Towards a predictive two-axis model that combines product characteristics with consumer attitudes
I’m presenting a theory here that attempts to explain when and for what types of shopping occasions, do consumers want to have a seamless, convenient online solution (saving time) or a rich, enjoyable in-store experience (spending time)?
This blog builds on my earlier one, ‘The New Role for Stores in an Omni-Channel Era’ that divides consumer shopping into two phases: discovery and fulfillment.
Does it hold up to reality? The fact is that it is still too early to tell how consumers prefer to shop online or in physical stores. And the answer is, that consumers are shopping in many kinds of ways. It is too early present anything close to a definitive picture of what types of shopping, for what products and in what situations are happening on and offline. However, recent consumer data can reveal some trends about what types of shopping is happening online, what types of shopping are occurring offline, and why.
However, I believe that an overall explanatory model, based on existing marketing concepts can help. Let’s dive in and get theoretical!
Homogeneous to Heterogeneous
If you ever took an introductory marketing class you might remember the way different consumer products are often classified; such as convenience products (everyday staples – bread, milk, kale,) shopping products (higher ticket – a refrigerator), and specialty (iphones, branded fashion).
Shopping products are often divided again, into homogeneous (sameness) and heterogeneous (uniqueness). Homogeneous products are viewed by consumers as basically the same and interchangeable. And for which they want the lowest price. Examples would be different brands of laptop computers with 8GB memory, 15.6˝ HD screens and Intel i7 processors. While not literally the “same” as each another, they are similar. Their interchangeability often makes them suitable to be comfortably researched and shopped online.
Heterogeneous products are viewed by consumers as having very different qualities from one another making them less interchangeable. They’re items they want to inspect in-person for quality and suitability. Examples are clothing and furniture. A plum-colored wool cardigan has many details that are hard to evaluate on a screen with just product descriptions to go on, even when there are consumer reviews. To really evaluate the subtleties of color, fabric texture, button construction and, of course, fit, this type of product must be experienced.
The first part of our model, the horizontal axis, uses these two ways of looking at products. It’s a spectrum from homogeneous on the left, to heterogeneous on the right.
Low to High Engagement
A second, complementary spectrum we’ll layer on to the first one is about the shopper. It indicates a consumer’s level of emotional engagement with a purchase.
At the bottom of this vertical axis are low-engagement products and buying occasions. These are products that are often viewed as merely functional, such as pasta, laundry detergent and paper towels, perhaps. They’re equivalent to convenience products in classic marketing theory. They are the often-purchased, usually lower cost, staples of life.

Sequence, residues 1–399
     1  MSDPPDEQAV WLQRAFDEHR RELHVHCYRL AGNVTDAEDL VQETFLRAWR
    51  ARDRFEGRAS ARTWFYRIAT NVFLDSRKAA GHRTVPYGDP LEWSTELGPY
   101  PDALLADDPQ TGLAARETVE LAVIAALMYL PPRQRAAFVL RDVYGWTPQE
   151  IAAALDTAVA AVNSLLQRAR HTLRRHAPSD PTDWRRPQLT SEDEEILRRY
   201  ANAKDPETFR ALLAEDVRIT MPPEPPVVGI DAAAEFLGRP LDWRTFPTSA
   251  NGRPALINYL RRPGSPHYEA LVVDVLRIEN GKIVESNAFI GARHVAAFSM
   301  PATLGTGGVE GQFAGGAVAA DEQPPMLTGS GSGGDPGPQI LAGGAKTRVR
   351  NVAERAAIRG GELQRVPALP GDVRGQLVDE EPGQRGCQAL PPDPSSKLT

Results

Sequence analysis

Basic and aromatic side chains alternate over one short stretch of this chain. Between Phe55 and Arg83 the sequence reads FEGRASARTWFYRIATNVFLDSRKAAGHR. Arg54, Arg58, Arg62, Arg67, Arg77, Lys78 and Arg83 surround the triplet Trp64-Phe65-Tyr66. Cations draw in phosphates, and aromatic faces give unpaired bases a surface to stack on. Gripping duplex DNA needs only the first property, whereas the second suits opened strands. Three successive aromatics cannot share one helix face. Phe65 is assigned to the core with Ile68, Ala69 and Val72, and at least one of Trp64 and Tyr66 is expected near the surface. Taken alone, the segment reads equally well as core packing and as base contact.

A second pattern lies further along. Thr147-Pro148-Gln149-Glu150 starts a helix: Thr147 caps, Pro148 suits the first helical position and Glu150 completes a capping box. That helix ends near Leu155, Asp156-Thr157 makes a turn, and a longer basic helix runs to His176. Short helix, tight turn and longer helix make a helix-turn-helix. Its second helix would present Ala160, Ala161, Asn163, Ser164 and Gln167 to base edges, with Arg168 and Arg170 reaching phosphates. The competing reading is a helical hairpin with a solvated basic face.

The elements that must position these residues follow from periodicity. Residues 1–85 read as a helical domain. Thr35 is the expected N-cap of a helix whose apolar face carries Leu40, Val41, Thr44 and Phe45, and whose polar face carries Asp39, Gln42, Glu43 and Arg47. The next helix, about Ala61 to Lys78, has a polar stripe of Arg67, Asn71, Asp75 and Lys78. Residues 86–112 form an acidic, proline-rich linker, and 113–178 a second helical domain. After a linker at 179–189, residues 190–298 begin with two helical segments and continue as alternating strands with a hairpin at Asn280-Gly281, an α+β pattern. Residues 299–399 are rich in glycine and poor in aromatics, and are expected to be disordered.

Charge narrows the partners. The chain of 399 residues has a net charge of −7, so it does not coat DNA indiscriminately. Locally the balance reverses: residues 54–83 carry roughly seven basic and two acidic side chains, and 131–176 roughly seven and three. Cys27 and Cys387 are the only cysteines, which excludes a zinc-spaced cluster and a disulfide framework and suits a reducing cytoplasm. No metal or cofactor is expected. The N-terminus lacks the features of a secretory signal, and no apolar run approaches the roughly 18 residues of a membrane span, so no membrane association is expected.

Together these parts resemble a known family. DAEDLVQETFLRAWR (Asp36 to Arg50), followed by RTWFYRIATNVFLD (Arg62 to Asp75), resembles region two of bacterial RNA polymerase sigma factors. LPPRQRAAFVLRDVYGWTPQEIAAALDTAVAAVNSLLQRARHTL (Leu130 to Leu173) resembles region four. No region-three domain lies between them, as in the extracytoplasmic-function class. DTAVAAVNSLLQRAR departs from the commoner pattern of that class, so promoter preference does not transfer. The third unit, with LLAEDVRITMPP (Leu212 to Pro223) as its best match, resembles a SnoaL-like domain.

And at the top end of the engagement axis are products and shopping occasions that consumers find more important and rewarding. Examples include shopping for a car, home furnishings or clothing.
Likely, this high engagement will have a lot to do with the price point of the item, as well as how long the buyer will have to live with the product because of its durability and quality. But not always. Consumers who are home chefs may be highly engaged in buying produce, for example, while others may find this to be more routine.
Drawing the parallel again with classic marketing ‘classes of products’, our high-engagement products would be roughly equivalent with shopping products and specialty products. Again, these are products that consumers care about. And for which they will invest a lot of time researching and comparing options. They are often more expensive because they are an expression of their lifestyle. And they include brands that consumers have a strong attachment to, like Apple computers or a high-end watch.
Here is a more detailed image, tying the two axes together.
Using this two-axis framework, we can plot different product types, according to their suitability for online shopping versus in-person, brick & mortar shopping.
Items in the lower left quadrant, because they are easy to evaluate online (homogeneous) and are more routine (lower engagement) are most suitable to being shopped online. I call these Mundane products (no insult intended!).
In the top left quadrant we have what I call Elite products and shopping occasions. These are specialty, often branded products where we may want to have a high-end shopping experience.
In the top right quadrant are Unique are shopping events where we want to compare many items for uniqueness and self-expression; higher-end furniture, clothing and accessories.
In the bottom right we have Artisan products, many of which are probably fresh food. Artisan products may also include less expensive items that we could comfortably buy online (cheese, produce, flowers, stationary, used books, even) but where in-person shopping offers a fun excursion.
Here are some product examples plotted onto the diagram:
There we have it; a conceptual framework which can help us evaluate consumer products and shopping in the context of current, omni-channel retail world.
To read more about these ideas and how brands, retailers, restaurants and retail real-estate companies can use them to refine and focus their business models, read my new book, “The Future of Omni-Channel Retail: Predictions in the Age of Amazon”.
And again, read the Retail Dive survey about online and offline shopping behavior.